•   Property Insurance

•   Commercial Auto Insurance

•   Workers’ Compensation

Other coverages to consider for Painters:
Business Personal Property, Employee Dishonesty, Contractors’ Equipment (Inland Marine), Umbrella Liability, Commercial Auto Liability, Goods in Transit, Environmental Impairment Liability, Stop Gap Liability and Employment Practices Liability Insurance (EPLI).

Business Interruption Insurance

Business Interruption Insurance is the key when disaster strikes your business.

Business Interruption Insurance is the key to protect your business when disaster strikes.

Having good commercial insurance is essential to the long term stability of your business.  It is a product that is necessary for you business, but a product you hope you never have to use. When there is a disaster that strikes your business, the quality of your coverage can mean the difference between a bump in the road and the end of your business.  One key policy to help your business whether the storm when a disaster strikes is business interruption insurance.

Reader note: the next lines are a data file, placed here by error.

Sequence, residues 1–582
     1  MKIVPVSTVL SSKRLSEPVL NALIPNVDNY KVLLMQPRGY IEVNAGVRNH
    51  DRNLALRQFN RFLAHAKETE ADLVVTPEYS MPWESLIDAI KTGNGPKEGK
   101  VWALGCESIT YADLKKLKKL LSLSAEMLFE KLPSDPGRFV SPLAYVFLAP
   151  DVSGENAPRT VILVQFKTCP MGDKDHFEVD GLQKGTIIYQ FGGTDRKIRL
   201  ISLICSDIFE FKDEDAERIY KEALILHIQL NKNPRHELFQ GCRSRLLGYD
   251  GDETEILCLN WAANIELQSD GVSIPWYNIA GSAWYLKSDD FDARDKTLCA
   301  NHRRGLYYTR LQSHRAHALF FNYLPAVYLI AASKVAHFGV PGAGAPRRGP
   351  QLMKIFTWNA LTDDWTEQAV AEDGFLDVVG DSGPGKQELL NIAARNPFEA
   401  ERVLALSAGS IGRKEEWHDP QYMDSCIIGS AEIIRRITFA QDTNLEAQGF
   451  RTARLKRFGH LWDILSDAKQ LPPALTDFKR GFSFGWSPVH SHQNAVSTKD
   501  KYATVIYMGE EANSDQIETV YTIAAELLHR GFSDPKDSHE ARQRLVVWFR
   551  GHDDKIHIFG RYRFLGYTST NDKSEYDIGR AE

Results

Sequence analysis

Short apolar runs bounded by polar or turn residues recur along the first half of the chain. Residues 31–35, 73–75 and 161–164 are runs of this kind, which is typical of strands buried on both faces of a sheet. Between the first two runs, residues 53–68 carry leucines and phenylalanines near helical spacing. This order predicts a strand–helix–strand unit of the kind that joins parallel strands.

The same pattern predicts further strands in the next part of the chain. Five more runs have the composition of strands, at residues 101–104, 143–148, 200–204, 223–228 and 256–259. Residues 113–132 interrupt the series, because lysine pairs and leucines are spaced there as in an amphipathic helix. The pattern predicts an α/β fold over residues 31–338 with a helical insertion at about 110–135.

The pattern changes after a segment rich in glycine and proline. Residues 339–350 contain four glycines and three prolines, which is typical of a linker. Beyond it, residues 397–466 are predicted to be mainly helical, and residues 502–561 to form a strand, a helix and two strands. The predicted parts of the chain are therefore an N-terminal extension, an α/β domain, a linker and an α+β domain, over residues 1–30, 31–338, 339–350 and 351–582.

According to the Insurance Information Institute, “Business interruption insurance compensates you for lost income if your company has to vacate the premises due to disaster-related damage that is covered under your property insurance policy, such as a fire. Business interruption insurance covers the revenue you would have earned, based on your financial records, had the disaster not occurred. The policy also covers operating expenses, like electricity, that continue even though business activities have come to a temporary halt”.

This policy is normally offered as part of a Business Owners’ Package, but not always.  It is important to confirm with your agent if this is included in your package.  If it is not they will more than likely bring it to your attention as an add-on.  It is a policy to strongly consider for your business.  This business can help you pay necessary bills, retain key employees and may just be the difference between success and failure when a claim occurs.